Location: Cool and Cold Water Aquaculture ResearchTitle: Genome-wide association study for identifying loci that affect fillet yield, carcass, and body weight traits in rainbow trout (Oncorhynchus mykiss)
|GONAZLEZ-PENA, DIANELYS - Orise Fellow|
|BARANSKI, MATTHEW - Nofima|
|MOEN, THOMAS - Aquagen|
|KENNEY, BRETT - West Virginia University|
|Leeds, Timothy - Tim|
Submitted to: Frontiers in Genetics
Publication Type: Peer Reviewed Journal
Publication Acceptance Date: 11/2/2016
Publication Date: 11/22/2016
Publication URL: https://handle.nal.usda.gov/10113/63324
Citation: Gonazlez-Pena, D., Gao, G., Baranski, M., Moen, T., Cleveland, B.M., Kenney, B., Vallejo, R.L., Palti, Y., Leeds, T.D. 2016. Genome-wide association study for identifying loci that affect fillet yield, carcass, and body weight traits in rainbow trout (Oncorhynchus mykiss). Frontiers in Genetics. 7(203):1-14. doi:10.3389/fgen.2016.00203.
Interpretive Summary: Increasing the proportion of a whole fish that is edible fillet, or fillet yield, is a means to improve production efficiency, and thus is of interest to fish farmers and consumers. However, fillet yield poses a challenge to animal breeders aiming to improve this trait through selective breeding because it cannot be directly measured in breeding candidates. The continued development of rainbow trout genomics resources now allow breeders and scientists to accurately predict the genetic merit of fish lacking phenotypic data based on analysis of their DNA, and also to identify the genes or chromosome regions that affect the trait of interest. In this study, we conducted a genome-wide association study using a population of rainbow trout that was characterized for fillet yield and genotyped for more than 38,000 chromosome regions. The analysis identified chromosome regions harboring genes that affected fillet yield and other carcass and body weight traits, but none of those chromosome regions or genes had a major effect on these traits. The vast majority of genetic variation for these traits appears to be affected by a large number of chromosome regions, each with a small effect. Thus, this study suggests that genomic selection based on high-density genotypic data will increase the accuracy of selection for improving fillet yield by allowing prediction of the specific genetic merit of the breeding candidates, and thus will increase the speed of genetic improvement compared to traditional selective breeding.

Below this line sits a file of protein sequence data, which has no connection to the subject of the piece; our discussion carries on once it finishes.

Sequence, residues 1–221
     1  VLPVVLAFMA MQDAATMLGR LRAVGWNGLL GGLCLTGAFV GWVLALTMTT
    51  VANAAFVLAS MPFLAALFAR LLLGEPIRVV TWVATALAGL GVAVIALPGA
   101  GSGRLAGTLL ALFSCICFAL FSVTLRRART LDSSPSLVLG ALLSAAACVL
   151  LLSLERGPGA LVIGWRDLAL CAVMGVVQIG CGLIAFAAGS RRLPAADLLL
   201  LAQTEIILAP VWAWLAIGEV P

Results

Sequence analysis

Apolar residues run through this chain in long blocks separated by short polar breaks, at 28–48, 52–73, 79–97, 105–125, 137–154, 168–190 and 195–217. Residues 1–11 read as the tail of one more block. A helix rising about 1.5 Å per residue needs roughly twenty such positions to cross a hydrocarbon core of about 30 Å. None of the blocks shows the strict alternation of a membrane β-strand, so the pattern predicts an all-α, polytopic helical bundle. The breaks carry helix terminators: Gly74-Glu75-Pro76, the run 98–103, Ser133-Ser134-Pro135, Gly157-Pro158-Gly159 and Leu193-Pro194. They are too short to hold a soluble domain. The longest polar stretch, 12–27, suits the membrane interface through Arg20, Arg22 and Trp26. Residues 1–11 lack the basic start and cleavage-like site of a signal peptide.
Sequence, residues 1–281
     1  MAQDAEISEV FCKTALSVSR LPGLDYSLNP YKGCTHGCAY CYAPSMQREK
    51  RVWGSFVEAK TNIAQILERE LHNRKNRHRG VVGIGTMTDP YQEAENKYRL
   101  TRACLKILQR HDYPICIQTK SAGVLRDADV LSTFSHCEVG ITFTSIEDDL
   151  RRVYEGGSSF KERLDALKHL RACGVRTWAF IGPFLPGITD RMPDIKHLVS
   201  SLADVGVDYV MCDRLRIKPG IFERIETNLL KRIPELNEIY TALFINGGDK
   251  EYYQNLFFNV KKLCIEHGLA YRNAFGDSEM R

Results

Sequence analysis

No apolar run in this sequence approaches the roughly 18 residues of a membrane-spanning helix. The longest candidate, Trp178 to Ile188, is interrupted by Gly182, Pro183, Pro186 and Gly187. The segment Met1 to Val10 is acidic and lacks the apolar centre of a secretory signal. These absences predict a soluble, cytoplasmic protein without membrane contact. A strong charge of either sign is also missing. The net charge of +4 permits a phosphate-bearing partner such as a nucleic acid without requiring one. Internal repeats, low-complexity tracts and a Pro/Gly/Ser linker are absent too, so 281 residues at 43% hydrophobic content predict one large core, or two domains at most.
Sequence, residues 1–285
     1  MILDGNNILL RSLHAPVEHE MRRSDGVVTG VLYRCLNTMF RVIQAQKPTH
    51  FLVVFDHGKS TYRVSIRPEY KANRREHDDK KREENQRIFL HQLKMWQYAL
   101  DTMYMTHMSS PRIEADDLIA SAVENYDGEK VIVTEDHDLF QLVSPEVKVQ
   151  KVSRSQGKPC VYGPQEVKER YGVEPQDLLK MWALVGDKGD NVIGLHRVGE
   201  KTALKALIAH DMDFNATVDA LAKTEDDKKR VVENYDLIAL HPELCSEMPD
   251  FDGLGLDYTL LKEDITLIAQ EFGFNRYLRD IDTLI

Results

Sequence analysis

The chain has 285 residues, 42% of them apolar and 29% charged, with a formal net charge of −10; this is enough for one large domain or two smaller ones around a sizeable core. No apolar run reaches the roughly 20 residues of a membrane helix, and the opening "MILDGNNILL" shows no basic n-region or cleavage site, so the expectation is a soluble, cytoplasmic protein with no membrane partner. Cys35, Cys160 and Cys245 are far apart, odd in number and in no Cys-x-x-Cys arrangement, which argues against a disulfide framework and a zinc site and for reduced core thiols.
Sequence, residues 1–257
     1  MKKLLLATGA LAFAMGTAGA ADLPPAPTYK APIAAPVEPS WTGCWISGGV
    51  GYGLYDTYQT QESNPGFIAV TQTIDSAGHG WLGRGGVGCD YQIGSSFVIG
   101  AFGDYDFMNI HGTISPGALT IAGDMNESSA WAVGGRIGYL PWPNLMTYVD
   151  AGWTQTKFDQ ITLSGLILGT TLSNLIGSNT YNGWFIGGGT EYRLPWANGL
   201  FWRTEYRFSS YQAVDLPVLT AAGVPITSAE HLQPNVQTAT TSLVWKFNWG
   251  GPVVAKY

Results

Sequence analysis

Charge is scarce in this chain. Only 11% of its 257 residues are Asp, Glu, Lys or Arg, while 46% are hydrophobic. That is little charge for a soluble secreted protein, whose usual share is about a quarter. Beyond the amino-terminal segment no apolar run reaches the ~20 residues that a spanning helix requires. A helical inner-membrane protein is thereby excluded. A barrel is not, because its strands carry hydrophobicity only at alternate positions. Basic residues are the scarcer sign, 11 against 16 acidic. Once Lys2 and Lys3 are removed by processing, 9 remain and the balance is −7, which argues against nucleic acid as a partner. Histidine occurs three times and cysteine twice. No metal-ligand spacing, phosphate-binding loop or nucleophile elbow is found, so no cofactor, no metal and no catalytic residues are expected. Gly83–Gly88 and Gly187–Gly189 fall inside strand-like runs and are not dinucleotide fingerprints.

Technical Abstract: Fillet yield (FY, %) is an economically important trait in rainbow trout aquaculture that affects production efficiency. Despite that, FY has not received much attention in breeding programs because it is difficult to measure on a large number of fish and it cannot be directly measured on breeding candidates. The recent development of a high-density SNP array for rainbow trout has provided the needed tool for studying the underlying genetic architecture of this trait. Here, we conducted a genome-wide association study (GWAS) for FY, body weight at 10 (BW10) and 13 (BW13) months post-hatching, head-off carcass weight (CAR), and fillet weight (FW) in a population of rainbow trout selectively bred for improved growth performance. The GWAS analysis was performed using the weighted single-step GBLUP method (wssGWAS). Phenotypic records of 1,447 fish (1.5 kg at harvest) from 299 full-sib families in three successive generations, of which 875 fish from 196 full-sib families were genotyped using a high-density SNP array, were used in the GWAS analysis for FY, FW, and CAR. A total of 17,174 and 15,810 records from 789 families representing 7 generations were available for BW10 and BW13, respectively. Complete pedigree data were available dating back to initial development of the population (8 generations). A total of 38,107 polymorphic SNPs were analyzed in a univariate model with hatch year and harvest group as fixed effects, harvest weight as a continuous covariate, and animal and common environment as random effects. A new linkage map was developed to create windows of 20 adjacent SNPs for use in the GWAS. Two non-overlapping windows of 20 SNPs each located on chromosome Omy9 explained the largest proportion of the genetic variance for FY (1.5% and 1.0%) and FW (1.2% and 1.1%). One window on Omy5 explained 1.4% and 1.0% of the genetic variance for BW10 and BW13, respectively. Three windows located on Omy27, Omy17 and Omy9 (the same window detected for FY) explained 1.7%, 1.7%, and 1.0%, respectively, of the genetic variance for CAR. Among the detected 100 SNPs, 55% were located directly in genes (intron and exons). Nucleotide sequences of intragenic SNPs were blasted to the Mus musculus genome to create a putative gene network. The network suggests that differences in the ability to maintain a proliferative and renewable population of myogenic precursor cells may have a significant effect on the variation in growth and fillet yield in rainbow trout.